Past gets bright future at Museum of Natural and Cultural History

Exterior of the Museum of Natural and Cultural History

When it comes to the past, the UO’s Museum of Natural and Cultural History takes a deep perspective — about 65 million years deep. Thanks to a recent $2 million gift, the museum is also taking an exciting new look at its future.

The anonymous estate gift will support the museum’s director’s fund, one of 10 funds that compose the museum’s endowment. It also marks an important milestone for the museum’s top fundraising priority: increasing its endowment to at least $12 million.

With this gift, the museum’s endowment initiative has reached nearly $10 million, thanks to numerous donations and pledges.

“Endowed funding is the key to our future,” said Jon Erlandson, museum director, archaeologist and Philip H. Knight Professor at the UO. “This incredibly generous gift represents a big step in building a funding source that will support museum research, collections management and educational programs for generations to come. We’re very grateful to the donor, and we look forward to making the most of this investment.”

The past 12 years have brought tremendous growth to the museum, including two new exhibit halls, a state-of-the-art anthropological collections center and unprecedented increases in research, membership and visitors. The growth is reflected in the museum’s recent accreditation by the American Alliance of Museums, a distinction that recognizes it as among the very best museums in the nation.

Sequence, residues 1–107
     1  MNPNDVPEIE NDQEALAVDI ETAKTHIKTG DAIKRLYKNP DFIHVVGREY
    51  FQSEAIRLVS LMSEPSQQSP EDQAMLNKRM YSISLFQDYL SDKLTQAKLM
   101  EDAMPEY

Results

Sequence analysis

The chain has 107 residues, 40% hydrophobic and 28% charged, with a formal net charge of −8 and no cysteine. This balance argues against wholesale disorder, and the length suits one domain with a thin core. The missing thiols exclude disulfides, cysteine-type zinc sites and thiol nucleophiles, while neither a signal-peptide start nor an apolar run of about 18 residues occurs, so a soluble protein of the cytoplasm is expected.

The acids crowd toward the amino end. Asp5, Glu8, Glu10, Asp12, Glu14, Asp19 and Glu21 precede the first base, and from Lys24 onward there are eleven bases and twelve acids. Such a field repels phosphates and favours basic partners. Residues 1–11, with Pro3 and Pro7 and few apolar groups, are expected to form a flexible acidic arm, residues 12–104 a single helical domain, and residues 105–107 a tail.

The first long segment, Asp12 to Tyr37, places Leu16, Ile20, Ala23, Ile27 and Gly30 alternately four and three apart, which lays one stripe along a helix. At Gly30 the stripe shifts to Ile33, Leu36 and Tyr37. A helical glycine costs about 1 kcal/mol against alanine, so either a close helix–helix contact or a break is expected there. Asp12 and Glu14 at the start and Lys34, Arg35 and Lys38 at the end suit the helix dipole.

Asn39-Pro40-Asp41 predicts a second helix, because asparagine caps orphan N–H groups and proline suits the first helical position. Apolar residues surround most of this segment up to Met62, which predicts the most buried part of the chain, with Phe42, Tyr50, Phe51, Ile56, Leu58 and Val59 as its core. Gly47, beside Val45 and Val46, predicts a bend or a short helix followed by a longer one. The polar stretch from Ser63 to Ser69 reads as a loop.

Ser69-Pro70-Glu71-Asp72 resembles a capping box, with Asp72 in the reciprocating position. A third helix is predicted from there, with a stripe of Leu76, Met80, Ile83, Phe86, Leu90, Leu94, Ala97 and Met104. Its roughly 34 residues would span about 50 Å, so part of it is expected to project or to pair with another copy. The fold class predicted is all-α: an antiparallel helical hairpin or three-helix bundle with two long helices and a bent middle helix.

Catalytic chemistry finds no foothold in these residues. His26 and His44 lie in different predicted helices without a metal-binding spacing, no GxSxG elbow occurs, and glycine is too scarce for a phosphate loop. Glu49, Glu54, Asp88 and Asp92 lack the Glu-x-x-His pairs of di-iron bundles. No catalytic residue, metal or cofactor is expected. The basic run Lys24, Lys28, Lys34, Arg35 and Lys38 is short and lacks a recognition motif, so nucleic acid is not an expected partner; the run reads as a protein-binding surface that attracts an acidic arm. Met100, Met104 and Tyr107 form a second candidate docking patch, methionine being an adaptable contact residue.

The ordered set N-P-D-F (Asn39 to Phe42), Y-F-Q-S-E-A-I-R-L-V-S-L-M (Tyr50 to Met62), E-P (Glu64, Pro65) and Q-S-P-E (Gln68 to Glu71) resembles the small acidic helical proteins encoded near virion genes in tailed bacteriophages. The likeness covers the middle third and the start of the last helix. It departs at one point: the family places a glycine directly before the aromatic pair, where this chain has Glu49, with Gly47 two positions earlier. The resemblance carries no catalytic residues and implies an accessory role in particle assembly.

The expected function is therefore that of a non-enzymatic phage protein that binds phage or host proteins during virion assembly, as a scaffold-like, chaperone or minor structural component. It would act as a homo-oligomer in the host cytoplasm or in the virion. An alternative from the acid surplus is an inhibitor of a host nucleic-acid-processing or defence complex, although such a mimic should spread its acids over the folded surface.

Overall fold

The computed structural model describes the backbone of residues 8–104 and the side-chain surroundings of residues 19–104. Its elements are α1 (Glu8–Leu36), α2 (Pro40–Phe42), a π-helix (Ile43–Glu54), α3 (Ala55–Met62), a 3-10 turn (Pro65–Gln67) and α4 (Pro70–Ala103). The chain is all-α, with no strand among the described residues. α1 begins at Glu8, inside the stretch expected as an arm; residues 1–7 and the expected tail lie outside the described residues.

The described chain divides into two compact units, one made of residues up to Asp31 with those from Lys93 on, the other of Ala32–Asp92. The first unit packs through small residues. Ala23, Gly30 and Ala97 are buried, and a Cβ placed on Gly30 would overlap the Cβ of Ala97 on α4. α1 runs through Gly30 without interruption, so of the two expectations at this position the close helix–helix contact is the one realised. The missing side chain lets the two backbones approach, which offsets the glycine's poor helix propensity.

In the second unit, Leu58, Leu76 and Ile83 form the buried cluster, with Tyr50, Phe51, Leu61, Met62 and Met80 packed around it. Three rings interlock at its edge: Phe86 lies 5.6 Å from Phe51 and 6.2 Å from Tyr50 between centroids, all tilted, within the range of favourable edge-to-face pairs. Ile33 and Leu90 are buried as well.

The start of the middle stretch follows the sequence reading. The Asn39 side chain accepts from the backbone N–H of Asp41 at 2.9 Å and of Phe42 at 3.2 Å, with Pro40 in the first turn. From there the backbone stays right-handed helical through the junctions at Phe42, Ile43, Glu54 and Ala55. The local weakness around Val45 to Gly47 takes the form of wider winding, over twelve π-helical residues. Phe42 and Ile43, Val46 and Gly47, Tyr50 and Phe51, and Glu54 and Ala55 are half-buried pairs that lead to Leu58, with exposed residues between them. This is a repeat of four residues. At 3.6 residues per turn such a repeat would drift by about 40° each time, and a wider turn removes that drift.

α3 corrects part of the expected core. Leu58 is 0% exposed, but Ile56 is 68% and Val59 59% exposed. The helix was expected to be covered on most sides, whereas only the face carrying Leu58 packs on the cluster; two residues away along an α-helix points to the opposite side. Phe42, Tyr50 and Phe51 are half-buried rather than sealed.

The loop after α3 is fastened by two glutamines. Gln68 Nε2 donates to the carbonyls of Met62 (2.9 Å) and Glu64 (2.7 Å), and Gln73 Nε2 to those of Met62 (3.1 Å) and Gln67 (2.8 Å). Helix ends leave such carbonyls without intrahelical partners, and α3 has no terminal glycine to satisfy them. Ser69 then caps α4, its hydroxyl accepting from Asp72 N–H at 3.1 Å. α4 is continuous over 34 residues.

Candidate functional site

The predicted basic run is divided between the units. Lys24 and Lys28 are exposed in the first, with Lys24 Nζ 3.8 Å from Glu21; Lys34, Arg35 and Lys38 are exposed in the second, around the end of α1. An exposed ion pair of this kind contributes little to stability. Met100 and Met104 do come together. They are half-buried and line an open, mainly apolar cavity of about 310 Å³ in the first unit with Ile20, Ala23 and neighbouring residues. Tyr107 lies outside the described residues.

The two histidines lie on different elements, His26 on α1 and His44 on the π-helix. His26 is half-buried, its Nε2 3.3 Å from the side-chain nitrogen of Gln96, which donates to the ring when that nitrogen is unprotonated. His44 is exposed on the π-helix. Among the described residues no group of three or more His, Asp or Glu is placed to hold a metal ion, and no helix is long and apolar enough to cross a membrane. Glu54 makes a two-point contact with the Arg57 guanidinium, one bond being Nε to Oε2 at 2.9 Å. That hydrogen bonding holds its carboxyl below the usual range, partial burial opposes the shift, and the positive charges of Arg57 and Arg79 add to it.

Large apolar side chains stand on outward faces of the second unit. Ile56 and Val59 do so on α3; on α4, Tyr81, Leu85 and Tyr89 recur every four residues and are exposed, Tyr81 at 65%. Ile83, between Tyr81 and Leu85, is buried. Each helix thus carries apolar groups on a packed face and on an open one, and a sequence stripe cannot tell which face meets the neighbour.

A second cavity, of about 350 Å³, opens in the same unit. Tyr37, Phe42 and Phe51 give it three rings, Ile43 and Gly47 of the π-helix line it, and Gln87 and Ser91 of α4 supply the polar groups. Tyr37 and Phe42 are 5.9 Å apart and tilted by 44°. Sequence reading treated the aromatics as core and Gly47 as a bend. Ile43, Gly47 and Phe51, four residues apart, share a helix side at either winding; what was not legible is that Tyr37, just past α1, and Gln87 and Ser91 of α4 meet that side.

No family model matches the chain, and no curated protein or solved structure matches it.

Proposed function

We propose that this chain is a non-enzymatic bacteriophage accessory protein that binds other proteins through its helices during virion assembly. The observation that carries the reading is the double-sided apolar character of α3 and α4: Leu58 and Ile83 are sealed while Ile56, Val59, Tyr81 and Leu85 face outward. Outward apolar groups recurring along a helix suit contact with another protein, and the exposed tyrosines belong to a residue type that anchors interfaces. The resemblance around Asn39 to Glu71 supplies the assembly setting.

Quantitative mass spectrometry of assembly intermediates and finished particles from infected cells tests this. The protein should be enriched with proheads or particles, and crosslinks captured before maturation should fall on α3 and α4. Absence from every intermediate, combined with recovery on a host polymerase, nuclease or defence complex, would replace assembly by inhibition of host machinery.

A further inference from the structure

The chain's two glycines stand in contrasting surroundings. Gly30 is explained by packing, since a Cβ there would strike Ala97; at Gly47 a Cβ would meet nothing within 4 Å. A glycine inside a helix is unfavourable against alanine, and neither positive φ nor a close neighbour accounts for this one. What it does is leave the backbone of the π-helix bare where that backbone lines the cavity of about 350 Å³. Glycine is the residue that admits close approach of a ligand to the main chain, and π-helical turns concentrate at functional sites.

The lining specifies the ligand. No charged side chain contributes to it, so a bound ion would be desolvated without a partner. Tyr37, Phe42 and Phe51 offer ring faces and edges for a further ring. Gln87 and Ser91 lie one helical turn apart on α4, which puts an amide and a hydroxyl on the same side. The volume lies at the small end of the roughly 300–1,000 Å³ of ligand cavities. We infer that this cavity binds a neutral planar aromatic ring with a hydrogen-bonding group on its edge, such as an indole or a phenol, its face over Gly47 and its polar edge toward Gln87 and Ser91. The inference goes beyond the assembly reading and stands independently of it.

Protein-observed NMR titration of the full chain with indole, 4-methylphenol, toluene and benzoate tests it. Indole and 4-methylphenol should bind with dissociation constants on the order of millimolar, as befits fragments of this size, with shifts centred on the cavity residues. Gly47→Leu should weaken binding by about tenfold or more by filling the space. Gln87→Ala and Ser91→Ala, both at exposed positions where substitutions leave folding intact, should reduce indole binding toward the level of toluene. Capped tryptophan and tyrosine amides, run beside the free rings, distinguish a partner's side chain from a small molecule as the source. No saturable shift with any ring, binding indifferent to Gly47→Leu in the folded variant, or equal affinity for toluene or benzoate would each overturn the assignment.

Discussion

“These are exciting times,” Erlandson said. “From exhibits to scholarship to collections stewardship, we continue to build our capacity to serve diverse audiences across campus, Lane County, the state and the globe.

“To continue this upward trajectory, we’re focusing on the museum’s endowment and the stable income it will provide. This permanent resource will enhance our stability during good times and bad, facilitate long-term planning, and help us secure grant funds through both government agencies and private foundations.”

By supporting the director’s fund, Erlandson said, the $2 million gift will also provide critical discretionary dollars that enable the museum to stay nimble and take advantage of unexpected opportunities.

“It’s flexible,” Erlandson said. “So we can utilize these funds quickly and strategically. We can reward creative research and innovation, allocating resources where — and when — they are most needed. For a dean or a director, this is invaluable.”